American Banker: 5 questions as reg relief moves closer to becoming law

American Banker, March 14, 2018: 5 questions as reg relief moves closer to becoming law

The bill, which passed the Senate 67-31, is surely not all the industry wanted. But it is still a clear win for banks — particularly smaller ones — that have abhorred Dodd-Frank.

The bill relaxes a number of standards for small and regional banks, tweaking mandates around the Federal Reserve’s stress tests, the Consumer Financial Protection Bureau’s “qualified mortgage” rule, the Volcker Rule and much more. The main provision allows certain midsize banks to escape tougher Dodd-Frank supervision by raising a key asset threshold from $50 billion to $250 billion.

The chamber approved the legislation with the support of over a dozen moderate Democrats. The bill will move to the House for consideration, where Republicans are seeking to incorporate several additional provisions of their own.

Follow the link to read about five key questions for the industry as the package winds its way through Congress.

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Redlining and Neighborhood Health

Before the pandemic devastated minority communities, banks and government officials starved them of capital.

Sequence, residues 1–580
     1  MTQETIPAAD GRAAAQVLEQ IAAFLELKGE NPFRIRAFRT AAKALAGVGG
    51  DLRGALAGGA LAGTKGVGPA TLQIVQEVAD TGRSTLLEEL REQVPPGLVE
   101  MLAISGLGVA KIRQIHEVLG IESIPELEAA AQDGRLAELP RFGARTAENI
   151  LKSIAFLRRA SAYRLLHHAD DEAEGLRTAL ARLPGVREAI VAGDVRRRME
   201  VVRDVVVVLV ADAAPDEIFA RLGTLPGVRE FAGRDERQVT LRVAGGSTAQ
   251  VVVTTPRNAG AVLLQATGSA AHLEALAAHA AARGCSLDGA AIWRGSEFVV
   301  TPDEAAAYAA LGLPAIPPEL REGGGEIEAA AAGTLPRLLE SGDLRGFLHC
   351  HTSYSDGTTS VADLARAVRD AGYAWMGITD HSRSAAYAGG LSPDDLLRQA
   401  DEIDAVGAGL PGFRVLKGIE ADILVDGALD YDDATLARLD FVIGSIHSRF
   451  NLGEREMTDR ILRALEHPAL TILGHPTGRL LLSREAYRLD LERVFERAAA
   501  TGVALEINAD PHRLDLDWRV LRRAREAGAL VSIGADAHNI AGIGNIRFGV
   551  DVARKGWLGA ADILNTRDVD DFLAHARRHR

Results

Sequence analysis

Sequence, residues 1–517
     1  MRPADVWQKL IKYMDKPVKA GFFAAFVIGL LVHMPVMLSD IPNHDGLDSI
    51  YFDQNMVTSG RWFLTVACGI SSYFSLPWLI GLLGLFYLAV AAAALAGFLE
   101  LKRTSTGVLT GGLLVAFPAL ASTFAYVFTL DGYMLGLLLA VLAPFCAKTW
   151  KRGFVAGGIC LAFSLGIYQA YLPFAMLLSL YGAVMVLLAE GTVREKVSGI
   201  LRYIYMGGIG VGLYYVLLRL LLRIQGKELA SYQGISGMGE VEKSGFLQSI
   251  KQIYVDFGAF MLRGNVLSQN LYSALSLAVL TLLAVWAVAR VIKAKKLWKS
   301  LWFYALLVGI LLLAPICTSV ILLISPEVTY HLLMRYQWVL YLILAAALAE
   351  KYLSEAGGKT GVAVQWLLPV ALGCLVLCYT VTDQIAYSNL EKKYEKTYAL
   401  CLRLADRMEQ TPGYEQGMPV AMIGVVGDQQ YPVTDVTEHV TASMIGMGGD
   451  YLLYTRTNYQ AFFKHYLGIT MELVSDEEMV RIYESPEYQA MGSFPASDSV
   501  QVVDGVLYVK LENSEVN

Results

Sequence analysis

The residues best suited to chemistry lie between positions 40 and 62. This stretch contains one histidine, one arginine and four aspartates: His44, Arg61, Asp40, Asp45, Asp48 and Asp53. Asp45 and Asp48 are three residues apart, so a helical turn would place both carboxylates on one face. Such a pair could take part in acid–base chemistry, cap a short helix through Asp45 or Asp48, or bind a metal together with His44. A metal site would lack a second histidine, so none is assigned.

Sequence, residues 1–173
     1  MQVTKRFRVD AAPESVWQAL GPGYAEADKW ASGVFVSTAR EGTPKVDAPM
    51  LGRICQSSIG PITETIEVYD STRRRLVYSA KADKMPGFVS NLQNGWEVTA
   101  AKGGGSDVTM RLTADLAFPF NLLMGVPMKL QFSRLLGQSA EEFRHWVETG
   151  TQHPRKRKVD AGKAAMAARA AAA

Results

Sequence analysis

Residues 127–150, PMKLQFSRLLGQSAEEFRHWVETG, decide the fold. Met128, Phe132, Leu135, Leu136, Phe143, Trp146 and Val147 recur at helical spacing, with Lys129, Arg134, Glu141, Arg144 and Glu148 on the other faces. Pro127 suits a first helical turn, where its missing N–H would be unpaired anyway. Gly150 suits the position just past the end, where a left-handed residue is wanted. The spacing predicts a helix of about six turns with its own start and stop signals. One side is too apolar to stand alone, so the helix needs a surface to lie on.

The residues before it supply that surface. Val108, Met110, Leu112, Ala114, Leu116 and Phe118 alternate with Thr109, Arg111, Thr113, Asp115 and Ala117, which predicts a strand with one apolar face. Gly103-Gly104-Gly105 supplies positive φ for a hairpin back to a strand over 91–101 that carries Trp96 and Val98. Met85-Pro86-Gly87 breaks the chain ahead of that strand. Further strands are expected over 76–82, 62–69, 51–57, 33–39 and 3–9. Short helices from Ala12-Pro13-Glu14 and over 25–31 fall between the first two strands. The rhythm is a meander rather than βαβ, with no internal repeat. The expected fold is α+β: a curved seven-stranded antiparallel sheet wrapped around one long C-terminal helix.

Lower-income and minority neighborhoods that were intentionally cut off from lending and investment decades ago today suffer not only from reduced wealth and greater poverty, but from lower life expectancy and higher prevalence of chronic diseases that are risk factors for poor outcomes from COVID-19, a new study shows.

The new study, from the National Community Reinvestment Coalition (NCRC) with researchers from the University of Wisconsin–Milwaukee Joseph J. Zilber School of Public Health and the University of Richmond’s Digital Scholarship Lab, compared 1930’s maps of government-sanctioned lending discrimination zones with current census and public health data.

Table of Content

  • Executive Summary
  • Introduction
  • Redlining, the HOLC Maps and Segregation
  • Segregation, Public Health and COVID-19
  • Methods
  • Results
  • Discussion
  • Conclusion and Policy Recommendations
  • Citations
  • Appendix

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